Small business

I am a small business person. So was my dad. He ran the business my great-grandfather started, a garment manufacturing operation, from the day he left high school until the day he shut it down 40 years later. 

The writing was on the wall in 1994, when NAFTA passed. Sewing factories in Hong Kong and Taiwan had existed for decades, but long delivery lags and irregular quality still left room for domestic shops that could turn out good product fast. 

That ended when semis began moving garments across the border to distribution centers in a matter of hours. It didn’t matter if many units didn’t pass the final quality inspection. The big margins created by dirt cheap labor absorbed that loss easily.  

My dad’s employees, among the last unionized garment workers in Northern California to begin with – people who had healthcare, a living wage and a pension plan – never stood a chance. 

But my dad kept the business running, losing money, for 9 more years. He did this so my grandfather could drive down the hill to work every day, lunches my grandmother had made for her husband and son in hand. He did it to keep people – some of whom had been with the company for decades – afloat. He did it so people could have the dignity of work, even if that work was sporadic. 

My dad had built a nest egg in the flush years. He made good money. He could do this. So he did it.  

The economic gap between business owner and employee had never been canyon-sized. In an arrangement that struck me as sadly bygone even before this current crisis, a woman who operated a sewing machine in the shop lived right next door to my dad and mom in Oakland. This woman’s husband was a janitor in a candy factory. 

The house these folks lived in sold two years ago for $1.6 million. 

My grandfather died in 2001. By this time, new orders had dwindled to the point where rolling furloughs were the norm. A shop that buzzed with the kinetic energy of 80 people and myriad machines (button placers, fabric cutters, steam presses, an ancient, loping belt loop machine that hadn’t stalled in 50 years) had wound down.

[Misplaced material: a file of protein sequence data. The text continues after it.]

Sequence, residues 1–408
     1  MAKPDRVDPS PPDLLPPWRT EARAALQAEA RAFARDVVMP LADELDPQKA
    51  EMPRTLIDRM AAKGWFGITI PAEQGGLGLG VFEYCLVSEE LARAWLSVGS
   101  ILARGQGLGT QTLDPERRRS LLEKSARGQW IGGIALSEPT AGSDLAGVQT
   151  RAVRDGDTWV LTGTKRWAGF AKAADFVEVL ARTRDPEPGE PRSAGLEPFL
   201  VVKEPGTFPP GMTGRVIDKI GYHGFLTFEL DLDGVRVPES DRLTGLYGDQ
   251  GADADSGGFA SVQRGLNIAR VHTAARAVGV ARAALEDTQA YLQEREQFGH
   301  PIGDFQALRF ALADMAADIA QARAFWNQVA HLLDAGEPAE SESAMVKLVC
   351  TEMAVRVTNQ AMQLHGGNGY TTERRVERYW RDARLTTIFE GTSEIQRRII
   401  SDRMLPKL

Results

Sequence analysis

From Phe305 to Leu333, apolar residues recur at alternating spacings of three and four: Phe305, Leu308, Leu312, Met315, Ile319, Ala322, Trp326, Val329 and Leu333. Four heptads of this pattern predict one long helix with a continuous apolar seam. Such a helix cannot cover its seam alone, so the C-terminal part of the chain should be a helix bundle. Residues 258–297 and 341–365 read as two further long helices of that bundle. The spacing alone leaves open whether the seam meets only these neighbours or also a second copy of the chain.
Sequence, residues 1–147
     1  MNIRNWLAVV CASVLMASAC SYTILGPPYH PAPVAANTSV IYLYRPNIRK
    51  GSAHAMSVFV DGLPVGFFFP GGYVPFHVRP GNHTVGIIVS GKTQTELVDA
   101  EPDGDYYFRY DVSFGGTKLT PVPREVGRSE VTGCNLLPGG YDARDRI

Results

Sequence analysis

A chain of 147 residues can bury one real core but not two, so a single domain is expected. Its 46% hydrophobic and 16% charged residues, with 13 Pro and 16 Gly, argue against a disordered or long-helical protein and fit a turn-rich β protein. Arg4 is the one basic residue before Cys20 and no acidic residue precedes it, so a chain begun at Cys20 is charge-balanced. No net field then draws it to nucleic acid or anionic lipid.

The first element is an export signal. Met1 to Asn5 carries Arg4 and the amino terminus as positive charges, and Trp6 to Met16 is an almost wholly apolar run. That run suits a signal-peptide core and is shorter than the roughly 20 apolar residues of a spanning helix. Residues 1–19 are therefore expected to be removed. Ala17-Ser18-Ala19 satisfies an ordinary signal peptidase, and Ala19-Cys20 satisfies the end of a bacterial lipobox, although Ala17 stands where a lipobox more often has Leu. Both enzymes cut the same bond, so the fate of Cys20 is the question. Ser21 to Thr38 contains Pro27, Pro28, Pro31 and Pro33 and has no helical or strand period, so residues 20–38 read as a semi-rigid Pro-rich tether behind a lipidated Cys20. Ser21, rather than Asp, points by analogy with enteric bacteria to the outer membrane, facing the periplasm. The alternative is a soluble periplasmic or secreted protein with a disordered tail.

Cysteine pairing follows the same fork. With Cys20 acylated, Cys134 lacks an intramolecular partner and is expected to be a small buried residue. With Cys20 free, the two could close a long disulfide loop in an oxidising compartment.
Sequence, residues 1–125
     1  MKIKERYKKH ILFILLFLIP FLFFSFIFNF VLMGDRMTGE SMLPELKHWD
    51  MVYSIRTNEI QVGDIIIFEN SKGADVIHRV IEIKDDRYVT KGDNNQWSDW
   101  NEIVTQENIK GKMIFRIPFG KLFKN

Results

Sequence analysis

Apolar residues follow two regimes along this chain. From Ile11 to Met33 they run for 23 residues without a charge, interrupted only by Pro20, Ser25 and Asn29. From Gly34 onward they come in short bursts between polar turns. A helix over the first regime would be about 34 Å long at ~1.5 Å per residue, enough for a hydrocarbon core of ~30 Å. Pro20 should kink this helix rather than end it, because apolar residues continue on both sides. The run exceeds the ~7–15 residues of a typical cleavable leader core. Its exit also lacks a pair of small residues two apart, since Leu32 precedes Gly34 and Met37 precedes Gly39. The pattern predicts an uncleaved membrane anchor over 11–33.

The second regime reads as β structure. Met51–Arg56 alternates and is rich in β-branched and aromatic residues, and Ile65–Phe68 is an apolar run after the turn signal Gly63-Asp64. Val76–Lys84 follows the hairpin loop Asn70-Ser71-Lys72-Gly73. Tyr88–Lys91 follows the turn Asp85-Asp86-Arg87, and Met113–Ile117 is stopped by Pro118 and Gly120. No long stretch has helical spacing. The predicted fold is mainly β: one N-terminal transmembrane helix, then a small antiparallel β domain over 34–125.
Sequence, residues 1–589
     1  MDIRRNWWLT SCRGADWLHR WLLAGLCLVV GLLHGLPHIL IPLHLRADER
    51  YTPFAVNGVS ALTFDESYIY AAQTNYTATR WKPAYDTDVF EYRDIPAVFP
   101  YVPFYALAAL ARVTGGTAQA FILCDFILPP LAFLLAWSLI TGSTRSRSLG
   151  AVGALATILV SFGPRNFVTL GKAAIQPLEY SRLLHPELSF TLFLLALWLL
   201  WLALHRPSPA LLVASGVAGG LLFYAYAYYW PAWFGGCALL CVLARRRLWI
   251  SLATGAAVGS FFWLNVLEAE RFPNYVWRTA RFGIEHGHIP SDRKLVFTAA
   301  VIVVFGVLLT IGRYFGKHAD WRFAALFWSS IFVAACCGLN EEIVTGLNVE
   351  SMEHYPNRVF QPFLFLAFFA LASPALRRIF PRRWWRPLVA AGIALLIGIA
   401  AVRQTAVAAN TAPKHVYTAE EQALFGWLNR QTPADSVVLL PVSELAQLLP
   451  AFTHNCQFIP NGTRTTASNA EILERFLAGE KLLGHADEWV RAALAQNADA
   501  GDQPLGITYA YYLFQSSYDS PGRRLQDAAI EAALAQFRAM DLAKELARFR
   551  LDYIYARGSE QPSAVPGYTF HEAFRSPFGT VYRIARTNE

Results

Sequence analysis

My dad closed Boero Manufacturing in 2002. The building that had housed it since 1947 now holds a yoga studio, a high-end women’s boutique, and some sort of fancy gym. 

I walk by the building often. I think to myself, no one knows.


I tell this story because the survival of my own business is threatened. Odds are yours is too. And that yoga studio likely has a lot less runway than my dad did. The devastation is hard to contemplate. 

We’re all drawing strength from different places. I draw mine from my family, my colleagues, and from people older than me who have been through hard times. I think of what my father went through a lot right now. 

I like to think I am level-headed, but the last two weeks have stirred the sediment at the bottom of my psyche. When you build a small business with your own money, it becomes an extension of your being in a way that’s hard to explain. The distinction between the business balance sheet and your own is just a legal concept. It’s all personal.

We (1000WATT, and the industry we serve) are going to make it to the other side of this. Real estate won’t vanish like American garment manufacturing did. But we’ve got to be smart and decisive while at the same time preserving our humanity. This push and pull is intense.

I am grateful right now to have what I have. I am also grateful for role models that guide me on my mission to keep it.  

Be safe. People are going to need you when this is all over.